Japan PM to reshuffle Cabinet, LDP leadership as public support slips

Prime Minister Fumio Kishida will reshuffle his Cabinet and ruling party executives on Wednesday, seeking to stem a decline in public support and stay clear of dubious ties with a religious group under the spotlight following the killing of former premier Shinzo Abe.

Kishida hopes the personnel changes will pave the way for a long-term, stable administration to tackle what he has described as "the biggest challenges of the postwar era," ranging from COVID-19 and inflation to Russia's war in Ukraine and heightened tensions across the Taiwan Strait.

The prime minister will retain his right-hand man, Chief Cabinet Secretary Hirokazu Matsuno, Foreign Minister Yoshimasa Hayashi and Finance Minister Shunichi Suzuki, senior administration sources said.

Japan is facing growing threats from China, North Korea and Russia, and downside economic risks from surging prices and COVID-19 cases.

Kishida has decided to ask former Defense Minister Yasukazu Hamada to take the defense portfolio again, as Japan seeks to reinforce its defense posture with increased spending.

Hamada, who was defense minister between 2008 and 2009, will replace Nobuo Kishi, the younger brother of Abe who was fatally shot during a campaign speech in July. The assailant has said he held a grudge against the Unification Church, now formally known as the Family Federation for World Peace and Unification, and believed the former premier had connections with the group, according to investigators.

While Kishida is apparently replacing Kishi due to his poor health, Kishi has admitted that he received help from the religious group in past elections.

Followers of the church have been convicted in Japan in connection with money illegally obtained from people through the use of threats, including the citing of "ancestral karma."

Kishida's new Cabinet will likely include LDP policy chief Sanae Takaichi, known for her hawkish security views that resonated with Abe, as economic security minister. The party's outspoken PR chief Taro Kono will be named digitization minister, the sources said.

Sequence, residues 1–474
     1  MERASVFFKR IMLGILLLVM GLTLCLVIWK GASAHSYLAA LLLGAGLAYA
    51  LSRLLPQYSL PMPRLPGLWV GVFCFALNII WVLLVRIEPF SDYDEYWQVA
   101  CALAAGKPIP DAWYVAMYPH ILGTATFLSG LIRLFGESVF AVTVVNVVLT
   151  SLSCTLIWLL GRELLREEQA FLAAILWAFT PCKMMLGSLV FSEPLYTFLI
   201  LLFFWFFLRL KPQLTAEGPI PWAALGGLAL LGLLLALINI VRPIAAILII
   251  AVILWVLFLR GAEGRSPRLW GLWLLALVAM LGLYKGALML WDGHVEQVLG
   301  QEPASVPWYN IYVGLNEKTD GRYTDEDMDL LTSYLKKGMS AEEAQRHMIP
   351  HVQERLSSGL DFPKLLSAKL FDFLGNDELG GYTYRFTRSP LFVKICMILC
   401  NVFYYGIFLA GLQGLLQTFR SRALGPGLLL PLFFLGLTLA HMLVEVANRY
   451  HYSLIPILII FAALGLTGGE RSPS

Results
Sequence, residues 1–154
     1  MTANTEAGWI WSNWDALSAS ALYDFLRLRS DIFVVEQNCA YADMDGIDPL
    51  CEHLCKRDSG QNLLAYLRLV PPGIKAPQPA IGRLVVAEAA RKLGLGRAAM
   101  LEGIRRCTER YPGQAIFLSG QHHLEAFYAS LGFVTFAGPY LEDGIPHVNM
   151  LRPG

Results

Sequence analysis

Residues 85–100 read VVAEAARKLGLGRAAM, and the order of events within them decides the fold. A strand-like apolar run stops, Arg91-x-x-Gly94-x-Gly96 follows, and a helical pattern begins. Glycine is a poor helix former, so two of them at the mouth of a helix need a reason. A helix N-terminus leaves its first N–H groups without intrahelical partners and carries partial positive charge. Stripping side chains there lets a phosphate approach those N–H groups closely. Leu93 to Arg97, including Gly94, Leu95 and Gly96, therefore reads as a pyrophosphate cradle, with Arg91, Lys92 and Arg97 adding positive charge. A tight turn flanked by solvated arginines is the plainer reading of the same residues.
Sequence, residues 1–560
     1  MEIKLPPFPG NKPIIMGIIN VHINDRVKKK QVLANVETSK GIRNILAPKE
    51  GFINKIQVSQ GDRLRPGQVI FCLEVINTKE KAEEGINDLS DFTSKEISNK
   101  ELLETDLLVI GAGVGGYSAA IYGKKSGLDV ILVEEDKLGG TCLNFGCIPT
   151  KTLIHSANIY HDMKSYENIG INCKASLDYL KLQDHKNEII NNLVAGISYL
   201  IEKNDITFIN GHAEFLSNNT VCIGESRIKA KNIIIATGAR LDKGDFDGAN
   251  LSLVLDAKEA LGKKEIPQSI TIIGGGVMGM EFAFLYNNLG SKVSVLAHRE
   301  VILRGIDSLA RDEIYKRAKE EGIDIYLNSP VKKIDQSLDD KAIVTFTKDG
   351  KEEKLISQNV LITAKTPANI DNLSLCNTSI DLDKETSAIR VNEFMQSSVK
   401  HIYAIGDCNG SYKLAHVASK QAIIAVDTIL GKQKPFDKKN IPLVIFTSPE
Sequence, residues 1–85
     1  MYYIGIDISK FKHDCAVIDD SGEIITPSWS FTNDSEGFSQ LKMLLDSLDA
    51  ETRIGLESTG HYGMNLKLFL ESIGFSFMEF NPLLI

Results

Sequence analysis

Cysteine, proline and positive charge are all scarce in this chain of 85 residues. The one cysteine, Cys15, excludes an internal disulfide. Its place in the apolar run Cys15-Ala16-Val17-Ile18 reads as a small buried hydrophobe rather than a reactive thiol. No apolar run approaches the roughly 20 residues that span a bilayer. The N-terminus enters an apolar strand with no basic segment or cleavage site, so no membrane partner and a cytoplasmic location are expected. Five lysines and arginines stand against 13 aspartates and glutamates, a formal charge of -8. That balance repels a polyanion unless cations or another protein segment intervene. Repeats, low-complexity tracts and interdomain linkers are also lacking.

In last year's LDP presidential race, Kishida defeated Takaichi and Kono, then seen as the favorite among the public to become prime minister.

From the LDP's junior coalition partner Komeito, Tetsuo Saito will continue to serve as land minister.

Kishida's personnel choices reflect his desire to retain the support of conservative members who belong to the largest LDP faction that had been led by Abe, a necessity to ensure the longevity of his tenure as party leader and therefore prime minister.

The shocking assassination of Abe is still reverberating within the party, even after the ruling coalition secured a sweeping victory in the House of Councillors election on July 10.

Kishida has decided to entrust industry minister Koichi Hagiuda with the key post of LDP policy chief, and to give the industry minister job to Yasutoshi Nishimura, a former economic revitalization minister who was in charge of the government's COVID-19 response. Both are members of the powerful faction.

The roster of LDP executives is being closely watched for any indications of change in Kishida's approach to intraparty power dynamics. Secretary General Toshimitsu Motegi and Vice President Taro Aso will retain their posts, the sources said. Motegi and Aso lead the second- and third-largest intraparty factions, respectively.

Hiroshi Moriyama, who supported former Prime Minister Yoshihide Suga with LDP heavyweight Toshihiro Nikai, will likely be put in charge of the election strategy committee, the sources said.

No national elections are expected for the next three years, unless the powerful House of Representatives is dissolved.

But the selection of Moriyama, known for his coordination skills gained as Diet affairs chief under Abe and Suga, means Kishida is also taking heed of members who have retreated to the sidelines and distanced themselves from the current government, in an apparent effort to keep the party united.

Kishida is expected to hold a press conference later in the day after the revamp of LDP executives and Cabinet members.

Slipping public support is raising the alarm for Kishida with voters in recent media polls asking for clarity over the relationship between the Unification Church and the LDP as well as an explanation for why a state funeral on Sept. 27 for Abe is necessary.

Abe's assailant, Tetsuya Yamagami, has told investigators that his mother's donations to the religious group had ruined his family's finances. This, along with revelations linking the group and some politicians, has led to public scrutiny.

To ease public concern, Kishida has said all members of the new Cabinet and LDP executive lineup will check and review any links to the Unification Church.

Kishida had enjoyed relatively strong public support since becoming prime minister last October. His handling of government contrasts with his predecessors, who preferred a top-down approach led by the Prime Minister's Office.

For the past 10 months, Kishida has been placing priority on the government's COVID-19 response and steps to fight accelerating inflation that he has blamed largely on Russia's war in Ukraine.

Key events after the personnel changes include work to draw up a budget for the next fiscal year from April, the state funeral for Abe, and a review of national security strategy and defense policy documents.

© Kyodo News